Glasgow School of Art launches new website

Congratulations to Glasgow School of Art on the launch of their new website and on-line catalogue. In making their collections more accessible on-line, they are hoping to promote their use by larger numbers of GSA staff and students.

Still life class in the Mackintosh Room, c.1910.

Still life class in the Mackintosh Room, c.1910.

Dorothy Campbell Smith, Embroidery entitled 'Peace be with you', c.1940-45.

Dorothy Campbell Smith, Embroidery entitled 'Peace be with you', c.1940-45.

With that aim in mind, they have tried to ensure that the catalogue is as user-friendly as possible, particularly for the creative artists and designers who make up a significant proportion of their users. Wherever possible, they have included images alongside their catalogue entries, opening up a treasure trove of items to the public. Why not take a look at some of them by clicking on one of the eight categories on their homepage?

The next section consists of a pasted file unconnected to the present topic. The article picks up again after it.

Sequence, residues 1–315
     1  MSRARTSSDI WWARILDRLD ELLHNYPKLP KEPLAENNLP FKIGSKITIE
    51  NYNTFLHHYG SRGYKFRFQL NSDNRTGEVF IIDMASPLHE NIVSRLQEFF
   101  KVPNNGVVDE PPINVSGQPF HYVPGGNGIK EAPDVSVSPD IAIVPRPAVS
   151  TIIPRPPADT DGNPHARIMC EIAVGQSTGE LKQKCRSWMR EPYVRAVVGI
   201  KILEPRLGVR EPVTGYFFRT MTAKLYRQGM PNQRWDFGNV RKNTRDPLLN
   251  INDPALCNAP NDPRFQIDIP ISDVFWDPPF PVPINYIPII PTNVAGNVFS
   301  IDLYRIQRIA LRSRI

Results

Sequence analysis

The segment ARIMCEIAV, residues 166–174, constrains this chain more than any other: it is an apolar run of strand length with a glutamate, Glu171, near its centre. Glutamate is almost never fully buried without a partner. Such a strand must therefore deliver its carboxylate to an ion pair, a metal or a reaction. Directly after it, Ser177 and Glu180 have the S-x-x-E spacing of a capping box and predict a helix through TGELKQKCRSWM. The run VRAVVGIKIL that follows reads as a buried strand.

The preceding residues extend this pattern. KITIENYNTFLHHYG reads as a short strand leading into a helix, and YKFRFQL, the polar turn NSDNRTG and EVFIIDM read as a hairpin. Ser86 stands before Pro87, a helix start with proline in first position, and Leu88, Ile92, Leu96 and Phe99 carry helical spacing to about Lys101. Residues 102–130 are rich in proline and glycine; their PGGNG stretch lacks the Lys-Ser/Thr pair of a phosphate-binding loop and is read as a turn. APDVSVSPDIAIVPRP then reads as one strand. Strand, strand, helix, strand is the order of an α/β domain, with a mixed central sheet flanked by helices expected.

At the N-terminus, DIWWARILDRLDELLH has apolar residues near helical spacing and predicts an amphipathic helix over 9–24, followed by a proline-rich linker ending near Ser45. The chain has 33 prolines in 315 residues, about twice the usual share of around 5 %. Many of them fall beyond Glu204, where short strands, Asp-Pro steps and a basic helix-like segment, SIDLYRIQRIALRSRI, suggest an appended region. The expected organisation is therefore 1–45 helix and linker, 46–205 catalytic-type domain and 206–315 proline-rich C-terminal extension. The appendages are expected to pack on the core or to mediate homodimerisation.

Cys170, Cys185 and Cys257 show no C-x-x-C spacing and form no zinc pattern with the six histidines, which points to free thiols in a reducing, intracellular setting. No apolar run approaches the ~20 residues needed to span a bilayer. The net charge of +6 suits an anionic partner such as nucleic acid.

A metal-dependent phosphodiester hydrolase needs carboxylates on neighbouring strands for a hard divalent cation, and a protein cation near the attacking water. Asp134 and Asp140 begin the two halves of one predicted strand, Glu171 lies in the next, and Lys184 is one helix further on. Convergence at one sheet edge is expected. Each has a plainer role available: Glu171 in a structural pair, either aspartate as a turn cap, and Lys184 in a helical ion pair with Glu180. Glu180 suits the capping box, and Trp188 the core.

You’ll see that the resources section of the website include a page of nine case studies that give examples of students, academic researchers and practising artists and designers using the GSA Archives in developing their own work. 

Floor plans showing the Mackintosh Building transformed for the Belgian Tryst in 1914

Floor plans showing the Mackintosh Building transformed for the Belgian Tryst in 1914

Of particular interest to me in view of our work with artist-in-residence Justin Wiggan on Birmingham School of Art’s experience of World War I was the case study by first year Product Design student Jade Richardson, who was given a brief to develop a product that would commemorate the First World War centenary in a more personal way. During the course of her research in the Archives, she became interested in the broader history of the School and developed an app which could be used by students and visitors alike to explore the history of the Mackintosh building. Why not take a closer look at her reflective journal?

As we’re currently looking at the possibility of developing our own on-line catalogue, it’d be great to have your comments on how easy you find the GSA website to use – or indeed any other on-line archive catalogues you've looked at.